I walk in this world with my foremothers holding my hand in the form of the jewelry that they wore throughout their lives.
But the chain, hoops, and bangles are not my literal streedhan. My womanly capital is my education. It is what makes me a critical thinker and a lifelong learner. It gives me self-confidence as well as emotional independence. My mother (and father) and grandmother (and grandfather) invested as much thought and energy into making this streedhan available to me as previous generations of parents might have to gather the gold that they bestowed on their young, about-to-be-married daughters. Having witnessed or suffered the havoc that resulted when women were un-empowered, my elders were determined to change course.
Despite my being female, I was excused from doing chores like cooking and cleaning. My elders set expectations of high educational achievement and applauded me when I achieved my potential. So convinced were they about the rightness of this that they did not allow themselves to worry about the consequences such as the challenge of balancing work and family. That would be my battle to fight—using the capacities with which I was being equipped.
They conveyed the reason for the focus on education in clear-eyed and empowering terms. Yes, it was so that I would be spared the hardships and indignities that women of earlier generations had suffered. But, with discipline, determination, and their encouragement it was achievable. All that mattered was making me the most empowered person I could be.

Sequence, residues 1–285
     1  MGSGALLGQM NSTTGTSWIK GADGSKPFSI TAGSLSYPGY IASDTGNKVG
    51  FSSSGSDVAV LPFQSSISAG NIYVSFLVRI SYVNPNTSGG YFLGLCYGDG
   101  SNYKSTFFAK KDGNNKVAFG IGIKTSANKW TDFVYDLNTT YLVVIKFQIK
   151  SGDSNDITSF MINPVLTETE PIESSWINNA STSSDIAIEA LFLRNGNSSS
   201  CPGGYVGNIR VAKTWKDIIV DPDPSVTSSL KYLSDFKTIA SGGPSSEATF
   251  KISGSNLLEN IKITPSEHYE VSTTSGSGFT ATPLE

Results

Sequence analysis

So, the streedhan that I will hand down to my children will be the jewelry that symbolizes a way of being in this world—the courage and sacrifices of our ancestors over outdated and crippling customs; their commitment to nurturing the children and to seek to flourish through unsparing hard work.
Last year I moved 3,000 miles—from the east coast to the East Bay. The pull was my deep desire to be present to my infant grandson. The push was the pandemic which made travel impossible for the foreseeable future.
As he awakens into consciousness and learns about the world around him, sundry items catch his eye. He tugs at my gold bangles and when I hand them to him, he touches and, invariably, puts them in his mouth. Sometimes I twirl them on the floor and they spin like dervishes. He watches enthralled.
The bangles that were worn by my mother and by her mother before her have become the beloved toys of their great-grandson/great-great-grandson. The distance—across five (!) generations and multiple continents—is being bridged through an outdated but repurposed tradition.
Nandini Patwardhan is a retired software developer and cofounder of Story Artisan Press. Her writing has been published in, among others, the New York Times, Mutha Magazine, Talking Writing, and The Hindu. Her book, “Radical Spirits,” tells the deeply-researched story of Dr. Anandi-bai Joshee, India’s first woman doctor.
Image Tehzeeb Kazami Pixabay
Our Climate is Changing. Why Aren’t We?
What happens when ice caps melt, forests die, the permafrost thaws and microbes multiply?
Climate Reality Activists Bill DeVincenzi and Erin Zimmerman join DesiCollective to clear up some misconceptions about the pace of climate change. Scientists warn that we are in 6th extinction and that some of these changes are irreversible. Humans only have a ten year window to reverse the chain reaction of ‘feedback loops’ that are escalating the climate change crisis. The world is at a tipping point which can put us over the top to runaway climate change.
A Short Primer on Feedback Loops with Bill DeVincenzi & Erin Zimmerman
What’s A Feedback Loop?